A young Gwich'in woman has become a champion of her language.

Jacey Firth is driving a social media campaign using the hashtag #SpeakGwichinToMe.

"Speaking and teaching Gwich'in to me is like my personal motive of giving back to my community of Inuvik and giving back to the North," says the 21-year-old.

Firth created a Facebook page called Gwich'in Language Revival Campaign. She got the idea for the hashtag #SpeakGwichinToMe at an indigenous languages conference, where she met a young man who started the campaign #SpeakSamiToMe — a language spoken by the Sami people in Northern Europe. 

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On the group's Facebook page, people post Gwich'in translations of words and phrases. (Gwich'in Language Revival Campaign/Facebook)

"Speaking Gwich'in and learning about my culture just empowered me so much, it made me feel so good about myself and I hope I can make others feel the same way by like showing people that language and culture is cool."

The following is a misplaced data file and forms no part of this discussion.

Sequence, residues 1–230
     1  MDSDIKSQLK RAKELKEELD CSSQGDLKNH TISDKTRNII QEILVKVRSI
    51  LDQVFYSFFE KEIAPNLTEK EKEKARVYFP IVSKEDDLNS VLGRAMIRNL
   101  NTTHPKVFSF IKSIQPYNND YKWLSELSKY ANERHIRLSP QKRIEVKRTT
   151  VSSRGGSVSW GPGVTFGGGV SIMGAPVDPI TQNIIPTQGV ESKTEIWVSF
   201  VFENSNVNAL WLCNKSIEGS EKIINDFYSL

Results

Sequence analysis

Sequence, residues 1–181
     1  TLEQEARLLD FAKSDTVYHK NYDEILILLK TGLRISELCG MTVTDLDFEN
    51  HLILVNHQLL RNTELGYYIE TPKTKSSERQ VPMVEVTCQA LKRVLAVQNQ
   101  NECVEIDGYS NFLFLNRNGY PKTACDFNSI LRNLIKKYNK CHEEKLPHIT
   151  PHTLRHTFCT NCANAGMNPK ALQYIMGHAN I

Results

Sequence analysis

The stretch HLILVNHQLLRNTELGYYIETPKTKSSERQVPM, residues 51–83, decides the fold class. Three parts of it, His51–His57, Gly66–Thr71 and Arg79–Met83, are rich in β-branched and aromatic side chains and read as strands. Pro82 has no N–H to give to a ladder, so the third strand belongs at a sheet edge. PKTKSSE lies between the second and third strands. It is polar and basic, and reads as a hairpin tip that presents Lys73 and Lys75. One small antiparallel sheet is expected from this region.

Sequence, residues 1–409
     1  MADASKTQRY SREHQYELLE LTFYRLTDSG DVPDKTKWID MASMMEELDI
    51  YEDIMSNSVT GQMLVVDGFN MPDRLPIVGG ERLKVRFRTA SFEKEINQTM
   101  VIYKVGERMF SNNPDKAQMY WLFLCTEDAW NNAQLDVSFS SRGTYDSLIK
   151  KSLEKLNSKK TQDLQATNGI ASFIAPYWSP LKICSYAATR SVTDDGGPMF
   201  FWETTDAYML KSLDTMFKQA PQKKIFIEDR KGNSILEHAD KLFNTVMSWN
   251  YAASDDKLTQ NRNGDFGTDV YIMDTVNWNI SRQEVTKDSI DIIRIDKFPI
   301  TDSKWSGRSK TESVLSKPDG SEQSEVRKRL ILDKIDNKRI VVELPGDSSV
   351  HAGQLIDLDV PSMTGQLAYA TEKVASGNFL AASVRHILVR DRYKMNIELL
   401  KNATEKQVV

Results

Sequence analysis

On the page, people post Gwich'in translations of words and phrases, as well as ask questions about the spelling and pronunciation of words.

Firth says online tools such as dictionaries and apps have made learning the language easier. She uses a Gwich'in language app that's available to download on smart phones. It provides translations for everything from numbers to words for family, commands, and the land.

'It's like a light that will never go out'

Firth says teaching the language to others makes her feel like she has a purpose. 

"It makes me feel like I'm giving credit to my family, my parents, and my grandparents. How I'm here now because of them, learning my language and teaching it as a way of giving back."

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Firth says online resources like dictionaries and a Gwich'in language app are easy to use. (Gwich'in Language Revival Campaign/Facebook)

Gwich'in is considered "severely endangered" by the United Nations' Atlas of the World's Languages. 

One study from UNESCO estimates the total number of Gwich'in speakers in the world: about 150 people in Alaska and about 250 in Canada. 

Firth says that "definitely" worries her, but she keeps plugging away.

"I just open up my Gwich'in books and read it and practice Gwich'in," she says. "Cause I know, I guess, as long as I'm speaking it and teaching myself and I'm teaching others it's like a light that will never go out."